**** Nova Scotia Museum Release
Nova Scotia Turtles
Turtles are reptiles. When you hear the word turtle, you probably think of the shell. The top part of the shell is called the carapace and the bottom part the plastron.
Other turtle features are dry scarly skin, a sharp-edged beak instead of teeth, good eyesight and hearing and leathery-shelled eggs which they bury in sand.
Over 200 kinds of turtles are known in the world, with 7 reported from Nova Scotia. Three of these are giant marine turtles – the Atlantic Loggerhead, Atlantic Ridley and Atlantic Leatherback – that visit our oceans in summer. These turtles are sometimes often seen from boats or tangled in fishing gear. They nest in more tropical parts of the world. All marine turtles are considered to be endangered species.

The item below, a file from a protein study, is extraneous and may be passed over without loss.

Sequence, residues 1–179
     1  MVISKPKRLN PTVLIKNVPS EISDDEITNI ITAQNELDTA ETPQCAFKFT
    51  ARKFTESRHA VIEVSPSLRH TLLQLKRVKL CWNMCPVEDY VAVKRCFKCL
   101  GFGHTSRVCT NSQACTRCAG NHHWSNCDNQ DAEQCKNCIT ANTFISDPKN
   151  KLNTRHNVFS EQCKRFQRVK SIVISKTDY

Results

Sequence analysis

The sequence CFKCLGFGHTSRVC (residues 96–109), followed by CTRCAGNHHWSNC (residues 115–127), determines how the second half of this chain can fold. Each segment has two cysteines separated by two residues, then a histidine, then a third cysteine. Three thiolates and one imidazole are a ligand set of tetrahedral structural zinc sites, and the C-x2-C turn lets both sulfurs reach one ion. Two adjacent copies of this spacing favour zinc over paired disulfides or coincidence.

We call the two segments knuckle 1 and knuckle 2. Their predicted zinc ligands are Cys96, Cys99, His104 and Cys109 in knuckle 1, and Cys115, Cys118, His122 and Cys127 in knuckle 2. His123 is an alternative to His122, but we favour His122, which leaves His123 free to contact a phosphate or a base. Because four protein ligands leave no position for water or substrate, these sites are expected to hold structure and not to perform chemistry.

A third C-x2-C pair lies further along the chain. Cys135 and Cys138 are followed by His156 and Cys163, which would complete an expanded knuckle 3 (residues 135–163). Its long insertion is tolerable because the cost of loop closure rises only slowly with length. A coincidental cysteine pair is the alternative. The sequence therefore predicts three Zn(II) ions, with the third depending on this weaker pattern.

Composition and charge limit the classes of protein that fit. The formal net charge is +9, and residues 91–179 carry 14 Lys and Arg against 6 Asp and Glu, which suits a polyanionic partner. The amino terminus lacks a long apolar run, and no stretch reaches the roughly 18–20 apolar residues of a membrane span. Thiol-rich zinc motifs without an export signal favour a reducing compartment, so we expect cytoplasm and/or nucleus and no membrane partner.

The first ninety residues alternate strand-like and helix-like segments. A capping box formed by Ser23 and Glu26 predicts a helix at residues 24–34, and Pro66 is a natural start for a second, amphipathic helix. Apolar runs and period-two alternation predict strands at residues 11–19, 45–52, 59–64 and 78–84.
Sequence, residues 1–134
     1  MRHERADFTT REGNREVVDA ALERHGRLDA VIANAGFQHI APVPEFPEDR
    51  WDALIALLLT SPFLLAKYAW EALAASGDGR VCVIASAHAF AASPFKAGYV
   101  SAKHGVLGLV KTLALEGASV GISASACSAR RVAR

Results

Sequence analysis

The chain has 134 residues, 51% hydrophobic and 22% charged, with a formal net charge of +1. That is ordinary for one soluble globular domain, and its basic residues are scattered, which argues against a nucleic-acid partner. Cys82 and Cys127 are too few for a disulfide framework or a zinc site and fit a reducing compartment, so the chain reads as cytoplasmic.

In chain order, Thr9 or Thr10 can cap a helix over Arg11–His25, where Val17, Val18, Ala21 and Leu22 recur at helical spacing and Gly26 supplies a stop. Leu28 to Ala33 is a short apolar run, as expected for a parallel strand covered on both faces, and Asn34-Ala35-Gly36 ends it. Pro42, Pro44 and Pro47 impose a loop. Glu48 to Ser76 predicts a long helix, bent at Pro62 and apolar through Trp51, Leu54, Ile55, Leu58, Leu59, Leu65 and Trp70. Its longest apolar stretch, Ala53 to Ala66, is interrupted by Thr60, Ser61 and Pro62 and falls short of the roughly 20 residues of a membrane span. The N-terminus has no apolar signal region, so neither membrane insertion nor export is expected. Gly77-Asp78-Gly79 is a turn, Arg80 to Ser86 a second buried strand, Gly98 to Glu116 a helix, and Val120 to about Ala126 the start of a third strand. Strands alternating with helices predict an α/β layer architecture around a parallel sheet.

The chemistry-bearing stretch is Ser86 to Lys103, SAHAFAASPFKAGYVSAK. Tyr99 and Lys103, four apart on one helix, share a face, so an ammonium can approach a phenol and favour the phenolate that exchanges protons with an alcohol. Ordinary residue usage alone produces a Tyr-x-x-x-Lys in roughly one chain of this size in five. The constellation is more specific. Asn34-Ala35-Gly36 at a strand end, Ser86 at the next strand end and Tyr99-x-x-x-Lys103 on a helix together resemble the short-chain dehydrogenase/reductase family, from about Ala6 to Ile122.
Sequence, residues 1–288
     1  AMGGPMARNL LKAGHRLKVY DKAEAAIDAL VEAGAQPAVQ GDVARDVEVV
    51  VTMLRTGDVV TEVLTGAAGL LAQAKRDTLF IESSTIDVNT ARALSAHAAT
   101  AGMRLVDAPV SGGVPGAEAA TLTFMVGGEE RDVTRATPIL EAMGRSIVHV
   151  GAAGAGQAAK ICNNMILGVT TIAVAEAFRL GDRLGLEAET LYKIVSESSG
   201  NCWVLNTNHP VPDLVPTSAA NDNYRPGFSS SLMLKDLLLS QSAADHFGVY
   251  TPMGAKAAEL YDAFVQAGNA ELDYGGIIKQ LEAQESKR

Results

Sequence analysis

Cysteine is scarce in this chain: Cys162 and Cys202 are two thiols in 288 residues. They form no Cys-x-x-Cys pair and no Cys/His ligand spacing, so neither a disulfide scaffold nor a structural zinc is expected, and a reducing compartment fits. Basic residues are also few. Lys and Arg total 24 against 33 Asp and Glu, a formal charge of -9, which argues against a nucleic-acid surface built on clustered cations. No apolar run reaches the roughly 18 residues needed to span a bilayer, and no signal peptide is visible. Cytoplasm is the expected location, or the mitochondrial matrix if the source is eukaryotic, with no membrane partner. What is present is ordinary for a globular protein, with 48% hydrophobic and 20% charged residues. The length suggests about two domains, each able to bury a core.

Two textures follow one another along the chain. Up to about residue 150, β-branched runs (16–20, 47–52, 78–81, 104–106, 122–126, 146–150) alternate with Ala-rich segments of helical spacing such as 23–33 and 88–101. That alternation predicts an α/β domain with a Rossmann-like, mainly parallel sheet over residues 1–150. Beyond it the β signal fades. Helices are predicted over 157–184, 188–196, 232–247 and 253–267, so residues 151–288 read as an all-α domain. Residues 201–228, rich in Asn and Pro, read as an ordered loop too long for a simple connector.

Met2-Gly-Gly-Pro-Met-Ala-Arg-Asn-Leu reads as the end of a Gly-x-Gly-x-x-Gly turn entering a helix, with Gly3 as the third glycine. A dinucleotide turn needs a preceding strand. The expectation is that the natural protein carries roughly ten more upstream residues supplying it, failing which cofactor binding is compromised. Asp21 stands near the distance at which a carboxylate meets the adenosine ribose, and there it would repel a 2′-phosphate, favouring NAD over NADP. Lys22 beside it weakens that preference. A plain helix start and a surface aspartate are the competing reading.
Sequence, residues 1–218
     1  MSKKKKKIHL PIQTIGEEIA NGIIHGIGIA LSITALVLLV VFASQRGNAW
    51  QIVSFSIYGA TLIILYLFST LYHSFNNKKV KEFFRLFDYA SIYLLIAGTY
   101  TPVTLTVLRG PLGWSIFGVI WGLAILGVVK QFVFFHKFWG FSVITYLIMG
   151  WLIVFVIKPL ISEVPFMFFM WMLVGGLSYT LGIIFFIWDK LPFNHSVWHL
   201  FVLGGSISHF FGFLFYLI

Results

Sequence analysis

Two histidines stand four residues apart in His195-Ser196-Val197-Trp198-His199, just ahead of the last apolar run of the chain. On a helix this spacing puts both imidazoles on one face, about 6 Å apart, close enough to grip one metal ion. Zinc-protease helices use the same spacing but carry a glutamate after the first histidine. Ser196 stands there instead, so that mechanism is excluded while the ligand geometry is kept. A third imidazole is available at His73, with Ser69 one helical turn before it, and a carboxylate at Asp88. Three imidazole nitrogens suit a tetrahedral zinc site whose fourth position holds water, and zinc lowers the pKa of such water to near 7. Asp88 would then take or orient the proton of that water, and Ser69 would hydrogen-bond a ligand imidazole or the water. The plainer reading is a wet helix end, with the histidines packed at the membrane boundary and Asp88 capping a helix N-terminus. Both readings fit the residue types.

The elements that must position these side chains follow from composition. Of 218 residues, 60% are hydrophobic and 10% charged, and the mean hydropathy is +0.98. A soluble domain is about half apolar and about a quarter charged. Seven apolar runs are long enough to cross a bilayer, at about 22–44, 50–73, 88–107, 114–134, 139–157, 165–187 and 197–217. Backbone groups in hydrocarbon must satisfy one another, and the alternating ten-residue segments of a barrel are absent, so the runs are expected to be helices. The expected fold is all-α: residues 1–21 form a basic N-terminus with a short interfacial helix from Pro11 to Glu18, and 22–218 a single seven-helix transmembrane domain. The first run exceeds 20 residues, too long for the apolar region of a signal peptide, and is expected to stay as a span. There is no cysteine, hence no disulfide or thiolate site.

On the land we have 4 turtle species. Some people call turtles that live in fresh water “terrapins”, and those that live entirely on land, “tortoises”. You can call them all turtles. Adult turtles have few enemies except people,, but crows, bears, and raccoons dig up their eggs or eat the hatchlings. Two of these turtle species are considered to “at risk” in Nova Scotia.